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Some 20 players could be suspended for ties to Biogenesis, as the league seeks testimony from Tony Bosch in a case that could have far-reaching financial implications.

Major League Baseball may seek to suspend as many as 20 players, including Alex Rodriguez and Ryan Braun, as part of the investigation into the Miami-area Biogenesis anti-aging clinic, according to a report by ESPN. The league has been pursuing legal avenues, including a lawsuit against Biogenesis, Biokem, Tony Bosch of Biogenesis, and others, seeking damages. That and other pressure may have finally taken a toll on Bosch as, according to the ESPN report, he is ready to cooperate with MLB investigators in exchange for their dropping the case. With Bosch testifying against players, the league could begin the suspension process “within the next few weeks.”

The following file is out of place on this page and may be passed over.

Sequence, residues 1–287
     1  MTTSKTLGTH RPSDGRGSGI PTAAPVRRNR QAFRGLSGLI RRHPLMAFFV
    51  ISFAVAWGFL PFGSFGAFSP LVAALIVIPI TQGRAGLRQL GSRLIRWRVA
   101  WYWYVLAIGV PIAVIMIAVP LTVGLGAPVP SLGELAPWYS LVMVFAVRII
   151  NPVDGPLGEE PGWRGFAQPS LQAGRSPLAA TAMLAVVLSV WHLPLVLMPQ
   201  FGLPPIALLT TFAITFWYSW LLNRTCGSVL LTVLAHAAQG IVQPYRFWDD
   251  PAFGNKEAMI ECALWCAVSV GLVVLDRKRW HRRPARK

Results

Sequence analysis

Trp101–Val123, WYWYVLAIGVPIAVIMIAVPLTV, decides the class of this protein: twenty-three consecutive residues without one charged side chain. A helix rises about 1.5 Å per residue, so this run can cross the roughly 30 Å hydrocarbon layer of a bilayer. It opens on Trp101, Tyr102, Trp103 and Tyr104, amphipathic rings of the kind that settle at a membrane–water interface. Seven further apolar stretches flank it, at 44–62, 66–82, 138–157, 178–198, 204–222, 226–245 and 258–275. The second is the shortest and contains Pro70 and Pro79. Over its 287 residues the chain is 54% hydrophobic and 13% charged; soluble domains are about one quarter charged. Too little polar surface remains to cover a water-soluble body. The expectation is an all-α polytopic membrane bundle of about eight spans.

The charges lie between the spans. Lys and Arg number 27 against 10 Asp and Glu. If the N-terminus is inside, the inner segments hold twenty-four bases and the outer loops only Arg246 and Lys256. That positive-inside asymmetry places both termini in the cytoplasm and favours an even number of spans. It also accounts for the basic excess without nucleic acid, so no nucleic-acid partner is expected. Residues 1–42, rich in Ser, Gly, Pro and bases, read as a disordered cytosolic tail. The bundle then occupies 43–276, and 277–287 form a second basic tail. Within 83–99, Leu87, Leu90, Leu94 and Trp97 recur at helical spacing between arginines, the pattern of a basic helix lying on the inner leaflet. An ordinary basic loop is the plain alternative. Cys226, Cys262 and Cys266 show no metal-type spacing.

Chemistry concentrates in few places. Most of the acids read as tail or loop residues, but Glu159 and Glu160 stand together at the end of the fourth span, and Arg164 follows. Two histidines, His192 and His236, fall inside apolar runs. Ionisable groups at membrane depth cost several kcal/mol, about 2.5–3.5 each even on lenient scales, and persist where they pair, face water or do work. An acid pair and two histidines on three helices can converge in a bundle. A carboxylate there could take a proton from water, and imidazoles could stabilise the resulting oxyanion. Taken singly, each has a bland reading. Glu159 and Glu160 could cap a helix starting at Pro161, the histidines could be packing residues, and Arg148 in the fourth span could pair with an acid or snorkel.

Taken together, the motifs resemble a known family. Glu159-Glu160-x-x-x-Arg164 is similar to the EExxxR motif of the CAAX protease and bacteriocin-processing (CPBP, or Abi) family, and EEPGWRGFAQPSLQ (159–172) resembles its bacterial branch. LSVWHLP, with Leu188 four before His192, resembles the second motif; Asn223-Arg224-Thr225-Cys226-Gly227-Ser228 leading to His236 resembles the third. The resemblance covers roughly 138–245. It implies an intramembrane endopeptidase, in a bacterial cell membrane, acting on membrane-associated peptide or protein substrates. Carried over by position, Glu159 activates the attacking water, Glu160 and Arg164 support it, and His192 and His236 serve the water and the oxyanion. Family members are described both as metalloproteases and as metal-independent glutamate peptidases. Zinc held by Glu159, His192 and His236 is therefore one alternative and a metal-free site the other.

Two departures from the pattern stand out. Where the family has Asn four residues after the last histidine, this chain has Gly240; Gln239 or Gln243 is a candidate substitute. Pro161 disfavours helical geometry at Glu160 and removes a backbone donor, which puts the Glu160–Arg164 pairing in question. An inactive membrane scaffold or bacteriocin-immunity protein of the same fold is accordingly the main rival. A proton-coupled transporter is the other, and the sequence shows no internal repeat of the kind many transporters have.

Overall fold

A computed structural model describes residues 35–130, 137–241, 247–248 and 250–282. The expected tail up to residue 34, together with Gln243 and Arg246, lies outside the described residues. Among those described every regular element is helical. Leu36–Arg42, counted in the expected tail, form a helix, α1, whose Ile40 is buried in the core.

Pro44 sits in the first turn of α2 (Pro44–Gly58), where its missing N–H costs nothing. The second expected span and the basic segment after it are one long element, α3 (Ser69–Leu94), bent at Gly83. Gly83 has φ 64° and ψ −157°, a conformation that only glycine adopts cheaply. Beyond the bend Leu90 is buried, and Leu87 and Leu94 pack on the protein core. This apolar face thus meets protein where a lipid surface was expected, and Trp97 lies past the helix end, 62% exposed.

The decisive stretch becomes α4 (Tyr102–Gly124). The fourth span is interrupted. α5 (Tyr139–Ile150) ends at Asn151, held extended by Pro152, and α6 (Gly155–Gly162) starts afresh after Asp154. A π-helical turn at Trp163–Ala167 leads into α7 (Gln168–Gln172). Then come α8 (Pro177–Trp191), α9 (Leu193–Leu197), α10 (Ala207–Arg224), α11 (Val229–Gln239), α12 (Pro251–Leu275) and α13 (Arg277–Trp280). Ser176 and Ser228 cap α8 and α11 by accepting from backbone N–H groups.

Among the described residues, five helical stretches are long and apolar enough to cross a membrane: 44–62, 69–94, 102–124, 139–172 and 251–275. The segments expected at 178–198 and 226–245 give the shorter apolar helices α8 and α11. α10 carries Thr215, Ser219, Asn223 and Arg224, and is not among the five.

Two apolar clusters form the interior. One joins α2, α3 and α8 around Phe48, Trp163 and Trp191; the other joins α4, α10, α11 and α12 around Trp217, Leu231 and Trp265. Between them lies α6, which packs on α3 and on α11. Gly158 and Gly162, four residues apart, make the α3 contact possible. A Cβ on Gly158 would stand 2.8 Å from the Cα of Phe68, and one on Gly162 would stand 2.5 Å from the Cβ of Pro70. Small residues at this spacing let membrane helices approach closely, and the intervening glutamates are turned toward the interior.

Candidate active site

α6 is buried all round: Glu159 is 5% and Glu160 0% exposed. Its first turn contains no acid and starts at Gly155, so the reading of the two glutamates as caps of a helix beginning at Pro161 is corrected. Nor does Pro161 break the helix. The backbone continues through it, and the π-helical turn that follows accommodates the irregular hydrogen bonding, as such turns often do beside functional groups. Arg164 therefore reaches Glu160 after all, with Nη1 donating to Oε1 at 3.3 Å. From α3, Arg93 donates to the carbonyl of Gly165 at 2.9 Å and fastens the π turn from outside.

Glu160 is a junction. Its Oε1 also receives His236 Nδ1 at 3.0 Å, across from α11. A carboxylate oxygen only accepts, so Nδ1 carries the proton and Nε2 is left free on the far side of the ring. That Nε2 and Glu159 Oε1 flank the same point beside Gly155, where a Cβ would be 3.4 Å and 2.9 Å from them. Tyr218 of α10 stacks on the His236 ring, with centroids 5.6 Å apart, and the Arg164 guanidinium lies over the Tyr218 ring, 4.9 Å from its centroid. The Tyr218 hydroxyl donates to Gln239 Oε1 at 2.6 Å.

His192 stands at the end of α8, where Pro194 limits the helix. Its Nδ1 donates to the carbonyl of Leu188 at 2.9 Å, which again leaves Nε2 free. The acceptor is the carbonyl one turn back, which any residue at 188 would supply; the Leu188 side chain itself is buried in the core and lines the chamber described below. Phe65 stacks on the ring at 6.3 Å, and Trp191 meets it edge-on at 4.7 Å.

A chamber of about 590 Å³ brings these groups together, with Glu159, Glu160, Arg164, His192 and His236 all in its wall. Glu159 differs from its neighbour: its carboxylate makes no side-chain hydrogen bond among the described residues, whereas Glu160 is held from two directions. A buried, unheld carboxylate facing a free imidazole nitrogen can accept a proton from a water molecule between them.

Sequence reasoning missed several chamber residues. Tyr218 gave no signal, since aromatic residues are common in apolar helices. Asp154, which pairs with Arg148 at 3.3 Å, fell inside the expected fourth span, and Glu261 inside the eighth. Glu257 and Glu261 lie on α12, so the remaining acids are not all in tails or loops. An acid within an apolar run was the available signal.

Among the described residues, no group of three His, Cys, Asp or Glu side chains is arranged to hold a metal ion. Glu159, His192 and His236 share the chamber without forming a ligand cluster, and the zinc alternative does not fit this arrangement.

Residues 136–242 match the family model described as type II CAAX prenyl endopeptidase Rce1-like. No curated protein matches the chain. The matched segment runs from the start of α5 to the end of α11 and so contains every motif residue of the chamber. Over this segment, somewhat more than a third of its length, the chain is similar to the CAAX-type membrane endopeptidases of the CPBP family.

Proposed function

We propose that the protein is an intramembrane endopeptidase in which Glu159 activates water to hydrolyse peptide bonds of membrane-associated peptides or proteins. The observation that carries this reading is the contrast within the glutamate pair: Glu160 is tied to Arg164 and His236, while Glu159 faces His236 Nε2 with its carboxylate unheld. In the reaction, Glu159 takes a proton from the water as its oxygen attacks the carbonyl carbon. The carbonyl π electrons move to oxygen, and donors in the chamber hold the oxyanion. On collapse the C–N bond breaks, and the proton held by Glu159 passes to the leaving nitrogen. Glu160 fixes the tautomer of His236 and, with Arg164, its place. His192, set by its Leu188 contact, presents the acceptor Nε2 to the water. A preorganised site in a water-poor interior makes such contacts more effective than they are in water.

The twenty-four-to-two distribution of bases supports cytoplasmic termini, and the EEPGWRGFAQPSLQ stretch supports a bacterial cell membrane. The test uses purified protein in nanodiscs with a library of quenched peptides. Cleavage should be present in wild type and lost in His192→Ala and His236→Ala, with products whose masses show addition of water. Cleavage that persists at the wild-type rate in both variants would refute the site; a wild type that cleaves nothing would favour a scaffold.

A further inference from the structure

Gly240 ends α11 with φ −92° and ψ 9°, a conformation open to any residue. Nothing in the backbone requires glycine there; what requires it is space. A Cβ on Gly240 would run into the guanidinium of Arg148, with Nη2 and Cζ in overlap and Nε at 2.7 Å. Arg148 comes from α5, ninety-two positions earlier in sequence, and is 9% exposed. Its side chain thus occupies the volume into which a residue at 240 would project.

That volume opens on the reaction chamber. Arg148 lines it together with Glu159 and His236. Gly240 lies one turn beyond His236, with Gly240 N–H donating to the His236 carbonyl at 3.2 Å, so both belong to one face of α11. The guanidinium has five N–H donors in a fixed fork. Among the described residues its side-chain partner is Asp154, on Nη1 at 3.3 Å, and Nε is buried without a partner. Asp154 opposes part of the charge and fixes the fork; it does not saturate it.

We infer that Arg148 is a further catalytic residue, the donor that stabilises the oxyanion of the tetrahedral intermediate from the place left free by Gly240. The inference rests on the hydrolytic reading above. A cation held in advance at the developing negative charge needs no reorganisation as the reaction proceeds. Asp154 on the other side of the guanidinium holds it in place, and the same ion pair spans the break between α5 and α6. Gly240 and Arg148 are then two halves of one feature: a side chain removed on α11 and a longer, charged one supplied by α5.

Should all the players be suspended, it would mark the largest number of suspensions for performance-enhancing substances in the history of professional sports. In 2005, the first year of mandatory drug testing, MLB suspended 12 players between April and November of the year, the largest amount of suspensions at the major-league level to date. At the time, first-time suspensions against the joint drug agreement between MLB and the players’ union were only for 10 games. Since then, the number of games a player can be suspended for has increased dramatically to 50 for a first violation, 100 for a second, and a potential permanent suspension from both MLB and minor-league baseball for a third.

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Former fringe major leaguer Eric Knott dishes on his difficult decisions about PED use during his time as a professional player.